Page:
Before Arriving to the US

In order to qualify for a student visa, students must prove that they can be financially responsible for their studies without needing to work. If you have a scholarship from the UAE, this should never be a problem. During the application process for any school you attend in the US, you will have to provide that proof in the form of the financial guarantee letter.

After you’ve been admitted to a program, the school will send you an admission letter and, if you plan to enter the US on an F-1 Student Visa, a document called an I-20 (For students on a J-1 visa, it’s called a DS-2019). The I-20 is officially called by the government a “certificate of eligibility,” which means that your school has certified that you’ve met their financial and academic requirements. You need this form to obtain your student visa and anytime you travel to/from the US.

Paying a SEVIS Fee

The I-20 has a number in the top right corner that starts with the letter N. You need this number in order to pay a SEVIS fee. This fee is required, and you must prove you paid it before you make an appointment at the American Embassy in the UAE. “SEVIS” refers to the Students and Exchange Visitors Information System, which is the database run by the US Department of Homeland Security. The fee is $350, and it is meant to assist the US government with maintaining the SEVIS database. Once the fee is paid, you will receive a form called an I-901, which you take with you to your visa appointment.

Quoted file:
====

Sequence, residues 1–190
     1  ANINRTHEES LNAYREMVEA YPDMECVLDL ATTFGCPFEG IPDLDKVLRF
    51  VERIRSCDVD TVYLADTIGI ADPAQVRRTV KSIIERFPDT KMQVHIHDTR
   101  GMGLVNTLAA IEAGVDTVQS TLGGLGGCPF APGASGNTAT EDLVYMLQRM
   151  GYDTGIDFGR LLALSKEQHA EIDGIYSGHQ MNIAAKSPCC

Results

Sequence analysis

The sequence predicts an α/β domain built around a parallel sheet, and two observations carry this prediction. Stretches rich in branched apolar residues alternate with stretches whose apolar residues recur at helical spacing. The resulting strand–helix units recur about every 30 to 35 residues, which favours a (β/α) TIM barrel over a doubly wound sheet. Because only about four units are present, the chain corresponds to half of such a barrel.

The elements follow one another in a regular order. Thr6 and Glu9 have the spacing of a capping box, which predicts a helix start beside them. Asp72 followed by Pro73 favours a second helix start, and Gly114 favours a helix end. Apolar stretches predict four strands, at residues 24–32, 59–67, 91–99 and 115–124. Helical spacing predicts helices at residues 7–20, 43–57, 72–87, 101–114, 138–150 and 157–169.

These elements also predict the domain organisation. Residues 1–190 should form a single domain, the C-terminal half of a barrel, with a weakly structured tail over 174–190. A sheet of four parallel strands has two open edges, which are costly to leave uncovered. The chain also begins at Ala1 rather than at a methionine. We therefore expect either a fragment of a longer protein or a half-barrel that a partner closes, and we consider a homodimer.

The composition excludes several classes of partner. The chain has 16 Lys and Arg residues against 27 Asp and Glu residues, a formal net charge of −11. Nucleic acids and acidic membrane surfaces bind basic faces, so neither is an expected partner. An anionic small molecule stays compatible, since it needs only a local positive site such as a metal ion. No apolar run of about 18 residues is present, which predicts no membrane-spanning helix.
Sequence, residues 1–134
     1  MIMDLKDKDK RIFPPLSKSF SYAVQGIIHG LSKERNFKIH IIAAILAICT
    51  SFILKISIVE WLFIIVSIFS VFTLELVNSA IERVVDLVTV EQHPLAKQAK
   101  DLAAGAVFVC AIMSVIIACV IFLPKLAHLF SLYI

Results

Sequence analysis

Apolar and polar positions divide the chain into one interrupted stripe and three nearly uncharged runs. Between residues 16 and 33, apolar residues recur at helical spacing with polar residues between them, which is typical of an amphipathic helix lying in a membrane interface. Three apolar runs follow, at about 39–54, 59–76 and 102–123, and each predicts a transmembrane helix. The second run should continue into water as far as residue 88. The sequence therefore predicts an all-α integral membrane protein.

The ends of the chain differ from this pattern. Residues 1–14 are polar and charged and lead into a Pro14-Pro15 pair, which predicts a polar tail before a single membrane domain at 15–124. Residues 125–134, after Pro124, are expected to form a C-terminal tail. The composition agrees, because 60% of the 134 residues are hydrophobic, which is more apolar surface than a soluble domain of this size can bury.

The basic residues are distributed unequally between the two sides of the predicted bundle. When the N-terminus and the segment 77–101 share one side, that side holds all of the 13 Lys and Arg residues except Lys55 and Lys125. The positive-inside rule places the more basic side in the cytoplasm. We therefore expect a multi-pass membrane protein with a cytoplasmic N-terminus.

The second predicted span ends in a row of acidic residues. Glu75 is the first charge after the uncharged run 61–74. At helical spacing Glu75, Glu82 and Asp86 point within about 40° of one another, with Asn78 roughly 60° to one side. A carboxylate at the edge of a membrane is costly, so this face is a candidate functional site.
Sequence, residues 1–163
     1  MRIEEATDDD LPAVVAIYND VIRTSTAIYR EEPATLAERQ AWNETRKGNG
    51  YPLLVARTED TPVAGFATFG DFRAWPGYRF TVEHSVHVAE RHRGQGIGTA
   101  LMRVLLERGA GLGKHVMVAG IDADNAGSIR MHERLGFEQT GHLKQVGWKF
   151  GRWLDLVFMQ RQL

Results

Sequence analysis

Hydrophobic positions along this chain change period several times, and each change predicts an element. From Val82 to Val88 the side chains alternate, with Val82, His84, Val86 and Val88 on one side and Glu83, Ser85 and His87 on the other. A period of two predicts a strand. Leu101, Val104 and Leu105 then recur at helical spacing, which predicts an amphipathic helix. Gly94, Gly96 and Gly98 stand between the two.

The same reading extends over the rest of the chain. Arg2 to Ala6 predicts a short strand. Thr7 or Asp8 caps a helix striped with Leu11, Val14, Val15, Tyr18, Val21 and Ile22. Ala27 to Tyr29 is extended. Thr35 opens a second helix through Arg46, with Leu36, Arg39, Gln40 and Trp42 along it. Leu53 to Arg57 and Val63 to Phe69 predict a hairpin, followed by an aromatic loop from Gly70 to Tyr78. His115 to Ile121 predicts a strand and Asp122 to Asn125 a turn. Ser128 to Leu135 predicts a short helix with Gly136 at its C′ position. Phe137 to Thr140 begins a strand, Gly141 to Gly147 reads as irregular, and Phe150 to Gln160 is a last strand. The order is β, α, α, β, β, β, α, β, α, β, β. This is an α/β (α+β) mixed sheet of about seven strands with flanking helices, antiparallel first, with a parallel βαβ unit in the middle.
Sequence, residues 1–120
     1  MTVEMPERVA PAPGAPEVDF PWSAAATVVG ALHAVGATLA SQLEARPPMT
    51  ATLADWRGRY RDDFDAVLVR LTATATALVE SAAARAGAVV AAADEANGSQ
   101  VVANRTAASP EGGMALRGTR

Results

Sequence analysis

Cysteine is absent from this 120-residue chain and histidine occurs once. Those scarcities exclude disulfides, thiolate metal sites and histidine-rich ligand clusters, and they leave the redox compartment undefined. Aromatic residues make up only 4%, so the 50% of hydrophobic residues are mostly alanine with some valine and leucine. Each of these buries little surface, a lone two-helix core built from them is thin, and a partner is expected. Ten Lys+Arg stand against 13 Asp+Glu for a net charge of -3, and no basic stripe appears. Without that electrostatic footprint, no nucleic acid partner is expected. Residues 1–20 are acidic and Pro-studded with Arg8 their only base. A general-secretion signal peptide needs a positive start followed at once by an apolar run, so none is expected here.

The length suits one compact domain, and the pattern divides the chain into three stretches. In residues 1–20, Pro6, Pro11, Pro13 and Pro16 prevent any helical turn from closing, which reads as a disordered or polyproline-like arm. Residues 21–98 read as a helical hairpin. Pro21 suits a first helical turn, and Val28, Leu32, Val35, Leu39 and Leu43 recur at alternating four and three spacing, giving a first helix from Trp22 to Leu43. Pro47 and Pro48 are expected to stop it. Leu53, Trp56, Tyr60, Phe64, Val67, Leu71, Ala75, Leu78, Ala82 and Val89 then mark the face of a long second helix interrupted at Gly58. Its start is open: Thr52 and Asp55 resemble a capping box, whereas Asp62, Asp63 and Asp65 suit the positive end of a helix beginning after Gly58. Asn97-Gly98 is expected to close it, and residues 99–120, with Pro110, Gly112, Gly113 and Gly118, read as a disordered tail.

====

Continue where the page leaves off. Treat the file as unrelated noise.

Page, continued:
Fortunately, the US government has made it easy for you to pay the SEVIS fee online. Visit to pay online.

Visa Appointment

At your visa appointment, you need to provide several documents, including your I-20, I-901, passport, and a photo. A complete list can be seen at, which will also include other documents that may be useful.

Remember, when you go to the US Embassy, their consular officials are trained to assume that everybody who applies for a visa is planning to immigrate to the US permanently, so you must be prepared to demonstrate to them that that is not the case. It will be useful to bring evidence of family and financial ties, such as photos, deeds or titles, etc. Dress nicely, and make sure to be a little early.

While at your interview, the officer will ask some basic questions about your study plans and maybe your life. Answer truthfully and try not to be nervous. As long as you’re honest, there’s no reason to be nervous. If you are denied a visa, politely ask why. You will want to know what concerns the officer had so you can better prepare for a second interview. For example, if the officer says, “I can’t be sure that you speak enough English,” you can bring information about your ESL program to the second interview and show how it will help you know more English. Regardless of the outcome of the interview, make sure to thank the officer for his/her time.

Getting Your Visa

Most of the UAE Embassy-sponsored students have no problems during their interview and submit their passport to the US Embassy, anticipating its return with the visa inside within a few weeks. At that time, you can book a flight to come to the US. We look forward to seeing you!

Arriving and Being in the US